New Scotland passes hamlet zoning law

NEW SCOTLAND – The February public hearing for the proposed New Scotland Hamlet Zoning District lasted nearly two hours, as impassioned residents spoke out against what they saw as a draconian and anti-business plan, and, following revisions that were deemed significant enough to warrant another hearing, the New Scotland Town Board allocated an hour at its May meeting for comment.

At 6:32 p.m., a slightly-surprised town Supervisor Douglas LaGrange closed the public hearing, and, then later in the meeting – 10 years after discussions of rezoning first began – the board voted unanimously to adopt the plan.

The law is effective immediately upon its filing with the secretary of state’s office.

The new hamlet is bounded by the town of Bethlehem to the east, the village of Voorheesville and railroad to the west, the Helderberg-Hudson Rail Trail to the north, and commercial and medium-density residential districts to the south of Route 85.

The new law takes approximately 455 acres of land that had been zoned commercial; about 70 acres of land zoned residential agriculture; and 24 acres of land that was zoned residential hamlet, and rezones the land to create the new hamlet-zoning district, which contains three sub-districts.

— A concentrated hamlet center will have the character of a traditional village, including a central area for greenspace. It will be mostly commercial space, but could also include multi-family housing that is incorporated into mixed-use development, which would have commercial space on the ground level. In the new law, this area covers the corner of routes 85 and 85A, extending to Falvo’s Meat Market to the north and extends past Stewart’s to the east;

— The hamlet expansion area, which had been zoned for commercial use, will now include mixed-use to incorporate more housing. It radiates out from the hamlet center, south of Route 85 and extends west across Route 85A to the railroad tracks and north a few hundred feet past Falvo’s; and

— The development area extends north to the rail trail and crosses over to the west of Route 85 to the LeVie Farm housing development and extends east to existing, developed land. This area will be more residential than commercial.

The new law lays out permitted uses and development standards that will be allowed in the sub-districts.

These allowable uses create density and diversity, which, its drafters hope, can create affordability.

In the hamlet-district extension area, the minimum allowable lot size for a detached single-family dwelling is 5,000 square feet; the maximum allowable lot size is 10,000 square feet.

The hamlet-district development area allows for a minimum allowable lot size for a detached single-family dwelling of 10,000 square feet; the maximum allowable lot size is 30,000 square feet.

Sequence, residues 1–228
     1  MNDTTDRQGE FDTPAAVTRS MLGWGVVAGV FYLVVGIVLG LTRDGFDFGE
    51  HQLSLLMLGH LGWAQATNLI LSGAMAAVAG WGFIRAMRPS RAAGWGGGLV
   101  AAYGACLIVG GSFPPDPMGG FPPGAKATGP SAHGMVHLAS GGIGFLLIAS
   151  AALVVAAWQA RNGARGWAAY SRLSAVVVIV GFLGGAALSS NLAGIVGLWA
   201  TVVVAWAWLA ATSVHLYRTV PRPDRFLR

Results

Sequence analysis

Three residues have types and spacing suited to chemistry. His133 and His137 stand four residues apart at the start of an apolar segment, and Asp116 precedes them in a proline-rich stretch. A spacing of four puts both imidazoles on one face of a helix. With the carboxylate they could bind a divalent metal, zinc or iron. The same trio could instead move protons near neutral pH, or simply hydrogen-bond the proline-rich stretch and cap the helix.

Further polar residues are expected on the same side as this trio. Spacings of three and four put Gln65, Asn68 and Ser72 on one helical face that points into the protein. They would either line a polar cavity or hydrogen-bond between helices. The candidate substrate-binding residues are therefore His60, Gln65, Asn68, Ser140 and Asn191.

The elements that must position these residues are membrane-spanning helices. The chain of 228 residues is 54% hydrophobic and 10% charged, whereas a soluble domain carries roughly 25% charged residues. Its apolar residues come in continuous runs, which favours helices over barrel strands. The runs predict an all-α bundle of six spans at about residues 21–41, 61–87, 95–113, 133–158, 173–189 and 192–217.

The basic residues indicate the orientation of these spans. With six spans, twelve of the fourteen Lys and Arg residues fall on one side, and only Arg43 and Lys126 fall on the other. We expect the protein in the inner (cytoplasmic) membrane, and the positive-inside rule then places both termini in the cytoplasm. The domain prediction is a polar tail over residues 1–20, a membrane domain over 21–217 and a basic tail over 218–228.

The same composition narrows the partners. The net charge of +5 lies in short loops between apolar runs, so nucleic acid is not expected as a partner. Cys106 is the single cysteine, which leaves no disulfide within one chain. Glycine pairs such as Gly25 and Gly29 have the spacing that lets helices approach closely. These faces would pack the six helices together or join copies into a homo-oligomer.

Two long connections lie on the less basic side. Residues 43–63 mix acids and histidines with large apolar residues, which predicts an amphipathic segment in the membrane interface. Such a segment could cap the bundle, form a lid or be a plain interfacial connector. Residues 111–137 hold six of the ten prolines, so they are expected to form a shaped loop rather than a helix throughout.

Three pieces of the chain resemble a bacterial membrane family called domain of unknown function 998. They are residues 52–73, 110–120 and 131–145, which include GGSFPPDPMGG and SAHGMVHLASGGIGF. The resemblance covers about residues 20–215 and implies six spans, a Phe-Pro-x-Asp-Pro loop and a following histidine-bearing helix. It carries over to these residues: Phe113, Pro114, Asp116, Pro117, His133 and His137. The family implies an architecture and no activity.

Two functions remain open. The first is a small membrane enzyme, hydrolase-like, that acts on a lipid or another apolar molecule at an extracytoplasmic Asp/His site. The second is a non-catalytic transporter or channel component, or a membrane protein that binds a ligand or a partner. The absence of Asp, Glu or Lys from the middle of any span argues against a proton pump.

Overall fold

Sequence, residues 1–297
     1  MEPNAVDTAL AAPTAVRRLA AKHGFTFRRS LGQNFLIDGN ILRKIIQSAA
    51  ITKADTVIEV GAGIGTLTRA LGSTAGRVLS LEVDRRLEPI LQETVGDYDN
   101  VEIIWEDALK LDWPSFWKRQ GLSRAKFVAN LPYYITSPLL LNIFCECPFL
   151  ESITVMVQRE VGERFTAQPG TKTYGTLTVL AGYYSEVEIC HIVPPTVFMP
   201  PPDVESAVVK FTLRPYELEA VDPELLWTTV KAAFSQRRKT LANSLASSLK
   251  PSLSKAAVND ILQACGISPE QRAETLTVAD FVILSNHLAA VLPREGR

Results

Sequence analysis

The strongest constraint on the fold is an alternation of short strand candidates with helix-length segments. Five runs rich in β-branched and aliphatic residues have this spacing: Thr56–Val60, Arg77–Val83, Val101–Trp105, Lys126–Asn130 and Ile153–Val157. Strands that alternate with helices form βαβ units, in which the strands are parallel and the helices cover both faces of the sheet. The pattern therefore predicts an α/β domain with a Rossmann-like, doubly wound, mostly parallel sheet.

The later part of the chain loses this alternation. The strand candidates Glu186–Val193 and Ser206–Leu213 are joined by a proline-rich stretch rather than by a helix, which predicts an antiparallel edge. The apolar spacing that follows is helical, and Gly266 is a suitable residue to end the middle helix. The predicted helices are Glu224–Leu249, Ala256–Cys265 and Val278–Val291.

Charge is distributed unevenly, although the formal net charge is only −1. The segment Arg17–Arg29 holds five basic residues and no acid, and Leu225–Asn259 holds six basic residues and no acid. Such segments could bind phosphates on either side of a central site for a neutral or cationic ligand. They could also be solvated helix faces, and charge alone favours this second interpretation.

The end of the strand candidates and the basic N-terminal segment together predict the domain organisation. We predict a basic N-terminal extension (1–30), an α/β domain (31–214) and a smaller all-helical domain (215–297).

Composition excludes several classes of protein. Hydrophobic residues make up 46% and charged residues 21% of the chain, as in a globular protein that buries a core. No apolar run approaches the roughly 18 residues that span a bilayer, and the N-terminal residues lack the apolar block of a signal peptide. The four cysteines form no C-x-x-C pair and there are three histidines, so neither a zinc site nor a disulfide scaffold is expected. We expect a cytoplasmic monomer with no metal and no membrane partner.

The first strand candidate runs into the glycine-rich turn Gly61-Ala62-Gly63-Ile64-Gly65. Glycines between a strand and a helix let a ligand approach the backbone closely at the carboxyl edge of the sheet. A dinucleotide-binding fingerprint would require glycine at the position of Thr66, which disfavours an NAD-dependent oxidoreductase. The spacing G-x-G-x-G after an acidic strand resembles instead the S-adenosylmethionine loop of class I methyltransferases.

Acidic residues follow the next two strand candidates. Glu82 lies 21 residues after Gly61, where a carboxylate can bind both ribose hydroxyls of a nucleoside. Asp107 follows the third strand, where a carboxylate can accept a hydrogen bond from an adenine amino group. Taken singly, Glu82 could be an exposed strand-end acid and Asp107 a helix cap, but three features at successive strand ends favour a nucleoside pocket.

The plan also allows for semi-detached, single-family dwellings with a minimum allowable lot size of 3,500 square feet per unit and a maximum allowable lot size of 5,000 square feet per unit; attached single-family dwellings, with a minimum of 2,500 square feet per unit and a maximum of 5,000 square feet per unit; two-family dwellings, with a minimum of 6,000 square feet per two-family unit and a maximum of 10,000 square feet per two-family unit; and multi-family residences have a minimum allowable lot size of 3,500 square feet, which is also the only allowable type residence in the proposed hamlet center sub-district.

The new law lays out the allowable commercial uses in each of the sub-districts:

 

 

Other business

In other business, the town board:

– Approved an addendum to the town’s contract with Robert Wright Disposal Inc. for collection, hauling, and disposal of the town’s solid waste and recycling to pay Wright an additional $15,586 for the third year of a five-year contract, after the cost of disposing of recyclables went from $10 per ton to $40 per ton.

The contract with Wright is still so favorable to the town that, in return for the one-time payment of $15,586 and as a show of good faith, both sides agreed to add a sixth year to the five-year contract. If the cost of disposing of recyclables continues to remain high next year, there is a presumption that the town and Wright will renew the addendum;

– Set a public hearing for June to extend the partial exemption on property taxes for Cold War-era veterans. The town estimates $770 in lost revenue; and

– Authorized LaGrange to sign contract with Albany County for emergency medical services for the town and the village of Voorheesville for $267,000. The village will reimburse the town for its portion. 

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